Where I come from, THAT IS NOT A VICTORY!

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Israel, on the other hand, lost 65 of its soldiers, 2 innocent civilians including a four-year old child.

Israel lost whatever International prestige it might have had by its actions. Tens of thousands of Jews throughout the world demonstrated daily against the atrocities committed by them. Even the likes of Norman Finkelstein and Noam Chomsky woke up briefly from their comas to speak their piece. So called investigations are under way via the United Nations which will surely end with a condemnation of Israeli actions.

That too IS NOT A VICTORY!

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Gideon Levy hits the nail on the head with his column in HaAretz today

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This was the most brutal war Israel has ever waged, and it ended on Tuesday exactly where it started. En route, it inflicted countless wounds. Those of the Palestinians bleed more, but those of the Israelis are deeper. The 50-day war ended with no victors, but only Gaza celebrated last night, and with some degree of justice.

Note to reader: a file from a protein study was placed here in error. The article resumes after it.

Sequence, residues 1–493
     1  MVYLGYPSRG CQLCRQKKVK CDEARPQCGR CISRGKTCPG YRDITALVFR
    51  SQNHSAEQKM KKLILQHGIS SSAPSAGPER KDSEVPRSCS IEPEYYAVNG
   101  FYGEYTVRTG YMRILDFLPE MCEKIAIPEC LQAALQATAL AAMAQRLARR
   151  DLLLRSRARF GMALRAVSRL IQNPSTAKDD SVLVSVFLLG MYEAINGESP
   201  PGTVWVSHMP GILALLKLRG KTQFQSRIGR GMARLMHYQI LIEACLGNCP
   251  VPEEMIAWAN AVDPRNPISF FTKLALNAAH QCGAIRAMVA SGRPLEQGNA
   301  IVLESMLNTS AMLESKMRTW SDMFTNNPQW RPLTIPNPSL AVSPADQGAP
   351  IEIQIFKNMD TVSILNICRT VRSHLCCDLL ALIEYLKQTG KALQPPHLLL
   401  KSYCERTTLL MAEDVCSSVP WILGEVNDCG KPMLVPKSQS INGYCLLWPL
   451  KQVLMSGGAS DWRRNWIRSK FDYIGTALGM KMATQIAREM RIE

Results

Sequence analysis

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Lessons from the futile Gaza war

Over the past 50 days, Gaza has told Netanyahu that Israel can no longer live by the sword.
By Gideon Levy

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Israel Defense Forces soldiers train near the border with the Gaza Strip, Aug. 19, 2014.

Israel Defense Forces soldiers train near the border with the Gaza Strip, Aug. 19, 2014. Photo by Ilan Assayag